Yoga Therapy: The Land Unknown

Yoga therapy helps us achieve optimal wellness by bridging the distance between ourselves and the body. It relies a lot on the connection between the practitioner and the client. Here’s my vision of this new modality.

When I say I’m a yoga therapist, I often get the same answer: “yoga-what”?

So, what’s yoga therapy? Well, it’s different from “just” yoga because yoga therapy’s sole purpose is to help a person find their way to reach better health–whether physical, emotional or mental–regardless of their fitness level, body type and mobility. Its works in one-on-one private sessions or in (very) small group classes only.

Let’s have a look at the field. We’re just over 5,000 yoga therapists certified by The International Association of Yoga Therapists (IAYT). And that’s in the whole world. So, each of us faces a huge challenge—we’re breaking grounds and making the field. You’re probably wondering what’s IAYT. It’s a non-profit founded in the late 80’s in the Western U.S. by a handful of yogis and doctors. In recent years, the IAYT released training standards for yoga teachers who want to teach yoga therapy and for yoga studios that want to offer a yoga therapy training program. The organization is also working on establishing yoga as a respected and recognized therapy, just like counseling, massage therapy, etc, at the federal level. Yes, we’ve got a long way to go. So, in the meantime, we’re helping our clients heal.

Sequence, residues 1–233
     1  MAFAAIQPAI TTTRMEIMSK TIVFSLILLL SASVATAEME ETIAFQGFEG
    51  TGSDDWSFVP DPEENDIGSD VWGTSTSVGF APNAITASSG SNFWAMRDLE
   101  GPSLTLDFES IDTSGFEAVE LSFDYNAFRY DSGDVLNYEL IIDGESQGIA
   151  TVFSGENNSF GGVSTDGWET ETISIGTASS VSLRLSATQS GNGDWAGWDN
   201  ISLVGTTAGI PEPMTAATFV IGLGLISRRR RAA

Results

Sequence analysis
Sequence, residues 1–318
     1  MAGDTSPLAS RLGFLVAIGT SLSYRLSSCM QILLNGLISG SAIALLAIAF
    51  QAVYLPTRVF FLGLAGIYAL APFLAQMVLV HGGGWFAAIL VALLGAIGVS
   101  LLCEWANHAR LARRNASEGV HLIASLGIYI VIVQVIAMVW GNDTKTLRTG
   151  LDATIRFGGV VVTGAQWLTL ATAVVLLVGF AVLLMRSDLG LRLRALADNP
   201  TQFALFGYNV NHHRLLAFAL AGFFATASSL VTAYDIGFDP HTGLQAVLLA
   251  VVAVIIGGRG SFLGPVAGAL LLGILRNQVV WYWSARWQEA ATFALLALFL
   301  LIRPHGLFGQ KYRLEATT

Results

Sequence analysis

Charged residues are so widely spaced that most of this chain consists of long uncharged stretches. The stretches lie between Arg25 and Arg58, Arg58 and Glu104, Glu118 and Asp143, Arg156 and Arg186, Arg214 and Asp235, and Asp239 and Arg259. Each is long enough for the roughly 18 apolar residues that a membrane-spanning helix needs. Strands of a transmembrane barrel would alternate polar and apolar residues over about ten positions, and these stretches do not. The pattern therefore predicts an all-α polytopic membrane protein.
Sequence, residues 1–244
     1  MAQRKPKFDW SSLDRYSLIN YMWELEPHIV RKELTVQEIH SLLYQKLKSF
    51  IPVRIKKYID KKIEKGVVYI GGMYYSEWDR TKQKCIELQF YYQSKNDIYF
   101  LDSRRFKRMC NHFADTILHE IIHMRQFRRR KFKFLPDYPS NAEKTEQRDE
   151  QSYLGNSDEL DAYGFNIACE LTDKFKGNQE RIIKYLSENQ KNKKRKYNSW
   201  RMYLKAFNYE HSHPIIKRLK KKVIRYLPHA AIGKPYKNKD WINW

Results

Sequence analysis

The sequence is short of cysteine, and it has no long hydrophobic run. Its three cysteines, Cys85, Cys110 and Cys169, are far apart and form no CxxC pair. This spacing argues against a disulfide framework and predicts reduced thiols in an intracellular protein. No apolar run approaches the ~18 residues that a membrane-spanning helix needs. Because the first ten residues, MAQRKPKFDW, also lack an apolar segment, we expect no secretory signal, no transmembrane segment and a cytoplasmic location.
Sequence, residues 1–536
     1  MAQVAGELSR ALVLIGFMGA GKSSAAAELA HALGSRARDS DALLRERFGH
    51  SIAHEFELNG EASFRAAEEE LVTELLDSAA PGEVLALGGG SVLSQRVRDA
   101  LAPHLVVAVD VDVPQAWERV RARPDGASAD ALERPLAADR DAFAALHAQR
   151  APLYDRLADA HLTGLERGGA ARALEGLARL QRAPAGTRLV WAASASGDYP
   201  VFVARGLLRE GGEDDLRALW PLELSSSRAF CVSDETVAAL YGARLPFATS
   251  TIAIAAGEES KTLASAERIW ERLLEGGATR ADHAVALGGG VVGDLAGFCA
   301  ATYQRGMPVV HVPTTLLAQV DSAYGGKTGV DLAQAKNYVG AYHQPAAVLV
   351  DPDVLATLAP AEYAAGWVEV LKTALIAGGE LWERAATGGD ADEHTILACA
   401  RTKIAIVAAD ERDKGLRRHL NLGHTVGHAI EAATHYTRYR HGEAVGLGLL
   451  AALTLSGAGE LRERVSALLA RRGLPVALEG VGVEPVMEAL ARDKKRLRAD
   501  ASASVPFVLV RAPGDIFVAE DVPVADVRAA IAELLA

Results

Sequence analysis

Who can benefit from yoga therapy? About anyone who’s interested in diving deeper in their healing journey: people who want to be present to what is really going on with them, people who are going through anxiety or grief, people who are in post-surgery recovery, cancer patients and survivors, the list goes on.

I’ve started crafting my own yoga therapy practice 16 years ago, long before I became certified. My yoga therapy “protocol” involves a style of yoga I learned from my teacher, Aline Frati, who taught in Paris for 40 years. “We can’t modify anything without the body being deeply relaxed first,” she said. In any given session, I guide my clients into slow movements and deep breathing that’s meant to help them do mainly two things—to relax deeply and to “listen” to their body. When I say “listen to their body”, I mean to feel the body tensions, to become aware of the message(s) these tensions have for us.

Aline Frati, my teacher for 14 years in Paris.

I strongly believe that verbal exchange is 100% part of any healing. So, during each session, I also hold space for my clients to name what’s going on with them and what their body tensions are saying, what part of their past these tensions are bringing forward. The verbal exchange is just as important as the yoga practice because one of the most powerful things we can do for our well-being is to share with others experiences that are meaningful to us. For that part, I work under the supervision of Laurent Malterre, a Paris-based licensed psychologist, author and teacher of clinical psychology.

Holding space. Language. Yoga. That’s what’s yoga therapy is about to me.